I played a game with my pre-3 class the other day. I had originally planned out a whole lesson, but when I got to class they were so happy and playful. I totally threw out the lesson and randomly thought of a game incorporating different “O” sounds.
I was surprised at how fast they picked it up!! They had so much fun! They were screaming and laughing and joking around the whole time! They picked up the concept I was teaching so much faster than I thought they would. It was so cool to see how smart and capable they are, being so young.
You’re not just teaching abroad of course—you’re having a ton of fun exploring Taiwanese culture, nature, and more. What are some of the best activities you’ve done while off the clock?
Oh my… adventures are my absolute favorite! I love going out into nature. Taiwan has so many beautiful places. One of my favorites is up in Jioufen. It’s an old mountainside port village that’s become quite the tourist attraction.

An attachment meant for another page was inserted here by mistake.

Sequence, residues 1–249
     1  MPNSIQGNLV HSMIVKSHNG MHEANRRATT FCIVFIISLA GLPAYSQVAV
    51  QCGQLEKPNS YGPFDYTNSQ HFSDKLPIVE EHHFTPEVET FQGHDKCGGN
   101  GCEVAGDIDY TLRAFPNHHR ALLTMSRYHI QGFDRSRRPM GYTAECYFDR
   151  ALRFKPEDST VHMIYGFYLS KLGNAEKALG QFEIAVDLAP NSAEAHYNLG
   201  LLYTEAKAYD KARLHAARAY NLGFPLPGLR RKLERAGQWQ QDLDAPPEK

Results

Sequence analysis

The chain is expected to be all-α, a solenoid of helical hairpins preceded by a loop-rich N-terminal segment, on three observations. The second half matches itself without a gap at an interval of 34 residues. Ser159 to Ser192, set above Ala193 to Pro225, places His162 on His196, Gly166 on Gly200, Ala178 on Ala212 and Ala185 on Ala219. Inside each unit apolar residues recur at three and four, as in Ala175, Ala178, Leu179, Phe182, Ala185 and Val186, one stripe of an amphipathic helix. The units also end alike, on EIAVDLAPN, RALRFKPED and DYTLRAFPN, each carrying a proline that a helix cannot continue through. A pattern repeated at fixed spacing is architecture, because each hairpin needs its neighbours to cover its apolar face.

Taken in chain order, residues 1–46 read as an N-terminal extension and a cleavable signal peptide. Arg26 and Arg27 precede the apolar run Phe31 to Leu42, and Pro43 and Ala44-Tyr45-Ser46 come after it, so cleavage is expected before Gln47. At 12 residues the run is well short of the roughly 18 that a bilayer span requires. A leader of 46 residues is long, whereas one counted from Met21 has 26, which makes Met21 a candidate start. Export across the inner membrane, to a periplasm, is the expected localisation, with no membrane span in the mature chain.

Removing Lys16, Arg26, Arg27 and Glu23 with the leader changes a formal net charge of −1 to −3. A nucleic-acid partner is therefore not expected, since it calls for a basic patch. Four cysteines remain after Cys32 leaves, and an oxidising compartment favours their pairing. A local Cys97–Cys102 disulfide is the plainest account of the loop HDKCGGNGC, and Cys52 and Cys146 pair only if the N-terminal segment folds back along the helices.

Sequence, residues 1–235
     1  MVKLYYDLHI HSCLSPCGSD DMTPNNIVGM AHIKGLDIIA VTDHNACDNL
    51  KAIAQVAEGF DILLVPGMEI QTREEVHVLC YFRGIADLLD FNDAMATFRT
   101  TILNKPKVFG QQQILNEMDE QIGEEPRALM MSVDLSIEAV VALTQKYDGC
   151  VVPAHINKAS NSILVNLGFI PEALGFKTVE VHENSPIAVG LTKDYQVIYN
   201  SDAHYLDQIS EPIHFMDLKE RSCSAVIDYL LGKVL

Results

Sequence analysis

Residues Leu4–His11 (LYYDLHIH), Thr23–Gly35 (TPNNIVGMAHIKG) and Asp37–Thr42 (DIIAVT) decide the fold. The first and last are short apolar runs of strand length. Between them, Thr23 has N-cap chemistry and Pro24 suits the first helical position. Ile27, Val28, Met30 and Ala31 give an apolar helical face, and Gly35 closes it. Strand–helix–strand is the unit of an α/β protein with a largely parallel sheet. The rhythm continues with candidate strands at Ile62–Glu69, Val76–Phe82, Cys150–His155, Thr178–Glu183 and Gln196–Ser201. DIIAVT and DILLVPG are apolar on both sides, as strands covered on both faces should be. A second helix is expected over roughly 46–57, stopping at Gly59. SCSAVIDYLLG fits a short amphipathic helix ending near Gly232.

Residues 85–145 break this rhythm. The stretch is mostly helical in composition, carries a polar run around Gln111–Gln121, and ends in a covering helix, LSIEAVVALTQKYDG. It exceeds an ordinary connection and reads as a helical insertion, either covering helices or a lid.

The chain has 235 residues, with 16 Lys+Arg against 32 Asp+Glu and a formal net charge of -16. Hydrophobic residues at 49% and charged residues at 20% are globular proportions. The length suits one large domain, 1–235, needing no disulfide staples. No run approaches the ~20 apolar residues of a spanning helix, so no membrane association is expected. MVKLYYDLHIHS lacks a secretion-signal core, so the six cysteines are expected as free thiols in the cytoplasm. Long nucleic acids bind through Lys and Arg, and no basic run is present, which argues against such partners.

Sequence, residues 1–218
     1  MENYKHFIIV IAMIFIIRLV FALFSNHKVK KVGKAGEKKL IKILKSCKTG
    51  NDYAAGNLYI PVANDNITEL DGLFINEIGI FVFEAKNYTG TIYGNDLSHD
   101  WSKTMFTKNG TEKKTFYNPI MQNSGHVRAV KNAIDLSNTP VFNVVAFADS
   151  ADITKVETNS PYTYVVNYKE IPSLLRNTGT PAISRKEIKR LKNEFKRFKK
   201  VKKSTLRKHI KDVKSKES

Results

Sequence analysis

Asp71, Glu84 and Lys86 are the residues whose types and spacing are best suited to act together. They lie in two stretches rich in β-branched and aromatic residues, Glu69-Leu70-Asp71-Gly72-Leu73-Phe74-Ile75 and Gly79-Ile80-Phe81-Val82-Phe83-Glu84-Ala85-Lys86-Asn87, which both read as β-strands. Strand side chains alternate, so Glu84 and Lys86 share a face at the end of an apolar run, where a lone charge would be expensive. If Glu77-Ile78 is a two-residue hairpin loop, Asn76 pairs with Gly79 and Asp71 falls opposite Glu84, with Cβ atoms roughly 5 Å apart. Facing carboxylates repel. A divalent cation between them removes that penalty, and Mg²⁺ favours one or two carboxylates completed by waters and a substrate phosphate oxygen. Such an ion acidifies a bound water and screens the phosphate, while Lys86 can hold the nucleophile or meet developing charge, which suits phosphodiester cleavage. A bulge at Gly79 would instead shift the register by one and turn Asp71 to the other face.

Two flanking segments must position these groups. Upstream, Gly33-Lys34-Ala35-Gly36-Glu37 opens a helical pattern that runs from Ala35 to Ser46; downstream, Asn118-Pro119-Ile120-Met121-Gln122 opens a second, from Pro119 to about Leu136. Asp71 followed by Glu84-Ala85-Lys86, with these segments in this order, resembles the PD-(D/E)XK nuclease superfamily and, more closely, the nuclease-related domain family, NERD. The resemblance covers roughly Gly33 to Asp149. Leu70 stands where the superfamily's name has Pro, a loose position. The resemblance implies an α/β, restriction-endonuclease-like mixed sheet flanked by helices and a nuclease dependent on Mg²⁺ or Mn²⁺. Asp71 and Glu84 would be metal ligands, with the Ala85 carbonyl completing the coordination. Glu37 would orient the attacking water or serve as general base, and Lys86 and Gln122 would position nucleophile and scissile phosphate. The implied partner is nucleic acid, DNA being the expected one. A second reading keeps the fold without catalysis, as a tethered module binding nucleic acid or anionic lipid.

I’ve been going there since I was a kid and there’s this traditional Japanese tea house that I’ve always loved. You sip on some of the best tea and you have a view of the whole bay. There’s cats all over the village and you can hear the wind whistling all around.
My favorite thing about Jioufen is actually a hike a little up north. It’s a strenuous mile hike totally comprised of stairs, but the reward is more than worth it. You go half way up and all of the sudden everything is quiet. No bus horns, no traffic, no crowds. You’re also totally in the clouds. It’s the most magical place. After the hike, I usually finish off my evening at the tea house with some friends. There’s also no shortage of amazing food on the old streets!
Have you been learning Mandarin at all? Do you recommend that future teachers in Taiwan have a grasp on the language?